Marquee Sports Network got off to a fast start by agreeing to carriage deals with AT&T, Mediacom, and Charter Communications this offseason, but that still leaves roughly 60% of the desired market uncovered. The biggest remaining player is Comcast, the media giant with which the Cubs and Sinclair Broadcasting appear to be engaged in a billion-dollar game of chicken. Sources have told Cubs Insider that an agreement is a “foregone conclusion,” but we now sit less than two weeks from Cubs Convention with nary a peep from either side.
That could simply be a marketing ploy, a way for the Cubs to make a splash at a fan event that figures to be devoid of any other big news. With the Wrigley renovations complete and literally zero guaranteed contracts signed, the new network may be the only card the team is holding at this point. Yeesh.
But what if a Comcast deal isn’t done and won’t be for some time? That’s the worst-case scenario explored by the Tribune’s Phil Rosenthal, who laid out the possibility that the Cubs end up repeating the sins of the Dodgers by failing to have broad territory coverage by Opening Day. Except it’d actually be worse for the Cubs, who don’t have the same up-front guarantees as LA did. Even though millions of fans still lack access to SportsNet LA, which is entering its seventh year, the Dodgers are reaping the benefits of a guaranteed $8.3 billion over 25 years.
That $332 million per season might be enough to make a team forget all about luxury tax penalties and the forfeiture of revenue-sharing windfalls. Ah, but the Cubs aren’t guaranteed anything under their joint venture with Sinclair because their revenues are reliant upon the number of households paying for Marquee as part of their cable package. That total will have a huge impact on the advertising rates Marquee can charge, so the Cubs really need those 1.5 million households with Comcast’s Xfinity service.
“The general assumption has been that Marquee will get its affairs in order by the time the regular season starts at the end of March,” Rosenthal wrote. “Only greed or ineptitude can stop it.”
Greed or ineptitude, you say? Good thing those words have never been used to describe Cubs ownership or business operations. Wait…strike that, reverse it. The Santo Dumpster and Lindbergh Mural are well in the rearview, but the PR snafus have continued with political stumping against alderman Tom Tunney and reports of intimidating journalists. Then there are the budget overruns on the 1060 Project that may have reached $500 million and triggered a federal probe into the ballpark’s accessibility.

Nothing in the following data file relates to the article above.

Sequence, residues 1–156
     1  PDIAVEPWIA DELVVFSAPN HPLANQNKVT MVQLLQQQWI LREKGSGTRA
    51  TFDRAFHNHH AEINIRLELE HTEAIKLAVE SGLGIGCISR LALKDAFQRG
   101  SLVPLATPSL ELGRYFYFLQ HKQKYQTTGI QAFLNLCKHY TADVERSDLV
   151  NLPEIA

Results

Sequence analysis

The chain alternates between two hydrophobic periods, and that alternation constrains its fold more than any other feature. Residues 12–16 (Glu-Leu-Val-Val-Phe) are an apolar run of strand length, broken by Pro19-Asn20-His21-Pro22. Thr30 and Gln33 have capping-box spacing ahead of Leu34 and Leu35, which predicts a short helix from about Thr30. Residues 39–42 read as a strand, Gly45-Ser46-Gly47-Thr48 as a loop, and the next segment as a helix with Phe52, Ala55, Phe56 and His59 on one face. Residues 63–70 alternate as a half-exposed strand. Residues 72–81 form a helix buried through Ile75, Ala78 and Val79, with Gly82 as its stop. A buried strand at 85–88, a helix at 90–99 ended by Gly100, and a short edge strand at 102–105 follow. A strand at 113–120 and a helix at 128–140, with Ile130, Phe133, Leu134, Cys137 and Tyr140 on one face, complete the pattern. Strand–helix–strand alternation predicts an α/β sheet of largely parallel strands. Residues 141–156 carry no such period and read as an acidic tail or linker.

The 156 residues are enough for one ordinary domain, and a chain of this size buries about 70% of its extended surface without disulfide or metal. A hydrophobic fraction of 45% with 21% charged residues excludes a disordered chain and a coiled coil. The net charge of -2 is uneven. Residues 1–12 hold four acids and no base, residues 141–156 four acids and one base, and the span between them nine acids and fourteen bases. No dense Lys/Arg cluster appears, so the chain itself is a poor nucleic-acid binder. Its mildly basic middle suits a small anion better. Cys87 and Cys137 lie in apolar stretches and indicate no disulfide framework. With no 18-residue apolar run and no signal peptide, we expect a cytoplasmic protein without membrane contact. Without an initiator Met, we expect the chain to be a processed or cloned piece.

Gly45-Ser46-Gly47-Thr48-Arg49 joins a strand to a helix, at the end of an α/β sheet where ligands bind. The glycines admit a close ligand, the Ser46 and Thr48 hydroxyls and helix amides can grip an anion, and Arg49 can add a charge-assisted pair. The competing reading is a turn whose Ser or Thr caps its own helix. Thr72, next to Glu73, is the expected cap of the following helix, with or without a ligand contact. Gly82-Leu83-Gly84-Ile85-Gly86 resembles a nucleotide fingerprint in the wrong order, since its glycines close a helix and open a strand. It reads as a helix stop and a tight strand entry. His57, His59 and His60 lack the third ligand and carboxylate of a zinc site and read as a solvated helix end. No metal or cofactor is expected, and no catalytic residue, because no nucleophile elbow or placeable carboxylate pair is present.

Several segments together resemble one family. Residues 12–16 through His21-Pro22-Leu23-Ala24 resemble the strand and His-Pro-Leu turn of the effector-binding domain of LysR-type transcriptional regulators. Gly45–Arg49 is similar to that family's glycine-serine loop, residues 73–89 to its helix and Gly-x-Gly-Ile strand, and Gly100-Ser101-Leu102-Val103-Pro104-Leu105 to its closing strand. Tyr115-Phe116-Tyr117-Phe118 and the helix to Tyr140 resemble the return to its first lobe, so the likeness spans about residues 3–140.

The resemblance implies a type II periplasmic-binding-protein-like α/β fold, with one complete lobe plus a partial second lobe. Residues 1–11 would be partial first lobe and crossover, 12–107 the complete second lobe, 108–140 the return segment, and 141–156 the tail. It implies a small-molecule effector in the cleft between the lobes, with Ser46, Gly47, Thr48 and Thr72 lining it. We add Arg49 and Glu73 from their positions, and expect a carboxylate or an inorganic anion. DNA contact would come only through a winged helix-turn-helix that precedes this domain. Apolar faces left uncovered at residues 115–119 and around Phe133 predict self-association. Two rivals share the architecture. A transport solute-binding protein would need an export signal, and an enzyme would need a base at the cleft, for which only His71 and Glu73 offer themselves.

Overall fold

I’m still waiting to find out about my CubsCon pass, so I’ll leave it to you to determine whether it’s fair to call Cubs leadership either greedy or inept. What I will say, however, is that they’ve given plenty of reason to be concerned about Marquee having full coverage across the team’s broadcast territory by late March. That would be the organization’s worst misstep yet, and not just because of the revenue hit.
The Cubs have spoken for years about avoiding the Dodgers’ pitfall, which would be amplified in Chicago due to the importance of WGN in building the fanbase. Moving from free to paid TV is hard enough for some longtime fans to swallow, but leaving millions unable to get Marquee even if they want it would be a terrible look. That’s to say nothing for the cord-cutters and those who’ve never had to watch games with anything other than a pair of rabbit ears.
Having every game from spring training through the regular season on one channel isn’t much of a value prop for people who can’t get the channel in the first place. And with the Cubs boasting the most expensive live experience in MLB, there are plenty of fans who can’t make it to the park on a regular basis. I have no idea what the Venn diagram of these fan segments looks like, but I’m guessing there’s a broad overlap labeled “pissed off.”
Of course, this is all hypothetical right now. It’s entirely possible that the Cubs announce a Comcast deal in the next two weeks, or at least by spring training. That should ensure that their revenues from Marquee are eventually enough to allow them to once again compete with juggernauts like the Padres and Reds for low-level free agents.